UBC Theses and Dissertations

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UBC Theses and Dissertations

East-West entanglements : Pamuk, Özdamar, Derrida Meliz, Ergin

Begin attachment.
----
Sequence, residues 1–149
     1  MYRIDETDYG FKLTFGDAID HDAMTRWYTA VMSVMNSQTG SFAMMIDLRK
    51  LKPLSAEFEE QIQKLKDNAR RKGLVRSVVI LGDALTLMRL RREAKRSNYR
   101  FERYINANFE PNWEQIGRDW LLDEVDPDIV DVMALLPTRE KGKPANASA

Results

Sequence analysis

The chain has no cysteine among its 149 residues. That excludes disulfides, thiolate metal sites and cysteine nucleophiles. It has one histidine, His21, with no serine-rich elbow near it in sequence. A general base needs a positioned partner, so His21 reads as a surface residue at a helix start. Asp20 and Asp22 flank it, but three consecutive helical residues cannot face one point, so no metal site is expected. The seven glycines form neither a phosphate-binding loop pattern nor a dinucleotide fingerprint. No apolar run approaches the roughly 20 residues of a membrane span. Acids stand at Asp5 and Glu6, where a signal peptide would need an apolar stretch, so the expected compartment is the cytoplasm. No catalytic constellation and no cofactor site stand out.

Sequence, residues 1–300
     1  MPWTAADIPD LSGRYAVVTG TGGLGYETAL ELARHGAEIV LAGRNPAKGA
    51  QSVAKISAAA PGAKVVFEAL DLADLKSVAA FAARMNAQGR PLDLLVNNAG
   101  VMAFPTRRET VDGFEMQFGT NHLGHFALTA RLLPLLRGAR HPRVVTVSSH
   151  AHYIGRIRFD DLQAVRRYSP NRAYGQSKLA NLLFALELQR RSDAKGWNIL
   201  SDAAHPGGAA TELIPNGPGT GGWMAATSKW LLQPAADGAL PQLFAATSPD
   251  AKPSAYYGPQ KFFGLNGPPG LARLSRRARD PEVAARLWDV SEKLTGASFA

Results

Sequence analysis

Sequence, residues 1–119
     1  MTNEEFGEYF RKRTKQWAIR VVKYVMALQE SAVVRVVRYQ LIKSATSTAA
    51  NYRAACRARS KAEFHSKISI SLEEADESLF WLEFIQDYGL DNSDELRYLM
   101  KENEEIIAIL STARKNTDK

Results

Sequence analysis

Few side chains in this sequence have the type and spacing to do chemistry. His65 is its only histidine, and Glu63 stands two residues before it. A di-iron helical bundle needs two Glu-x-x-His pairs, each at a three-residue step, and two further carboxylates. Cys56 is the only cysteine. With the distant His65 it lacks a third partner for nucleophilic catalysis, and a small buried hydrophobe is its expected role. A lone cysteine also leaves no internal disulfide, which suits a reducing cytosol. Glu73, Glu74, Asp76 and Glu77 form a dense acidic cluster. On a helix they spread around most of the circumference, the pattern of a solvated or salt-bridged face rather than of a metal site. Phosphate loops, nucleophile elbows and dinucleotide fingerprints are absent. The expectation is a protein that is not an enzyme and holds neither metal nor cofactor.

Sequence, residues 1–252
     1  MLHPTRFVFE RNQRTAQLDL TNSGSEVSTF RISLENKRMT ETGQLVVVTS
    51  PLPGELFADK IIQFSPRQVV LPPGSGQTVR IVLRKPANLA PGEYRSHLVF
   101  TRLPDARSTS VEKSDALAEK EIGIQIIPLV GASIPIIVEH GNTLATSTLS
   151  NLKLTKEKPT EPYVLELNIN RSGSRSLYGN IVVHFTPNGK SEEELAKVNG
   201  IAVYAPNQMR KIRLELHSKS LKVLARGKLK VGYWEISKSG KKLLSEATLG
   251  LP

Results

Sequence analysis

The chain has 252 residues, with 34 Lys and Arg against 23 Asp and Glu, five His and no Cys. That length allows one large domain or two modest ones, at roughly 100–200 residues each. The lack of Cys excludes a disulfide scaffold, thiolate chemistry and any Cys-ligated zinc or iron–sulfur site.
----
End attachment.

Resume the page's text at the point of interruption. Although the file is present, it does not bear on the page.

In my dissertation titled East-West Entanglements: Pamuk, Özdamar, Derrida, I analyze the representation of cultural, linguistic, and religious tensions chronicled by these authors who have variously inhabited Western and non-Western worlds. They all problematize the complicated relations between memory and identity within and without the borders of the modem nation state. I argue that their works address existing multicultural situations, which arise from diverging and converging histories, and remind us that we can no longer inhabit segregated states of being. In the face of multi-referential modes of living in the 2lst century, these authors suggest malleable and hybrid readings of entangled collectivities. Attention to the entanglements that overwhelm temporal, linguistic, and cultural boundaries is salutary, because it challenges the conceptual model based on mutually exclusive dichotomies, and calls into play the network of filiations that generate an ongoing interaction among conflicting singularities. I propose that Pamuk, Özdamar, and Derrida accommodate the ever-shifting ways of interaction on the levels of both content and form. They offer examples of grafted genre that accentuate the resemblances in difference across various generic forms. The grafted narratives they construct supersede and re-formulate the permeable boundaries between self and other, and call attention to the many Easts and Wests, enmeshed as they are in one another.

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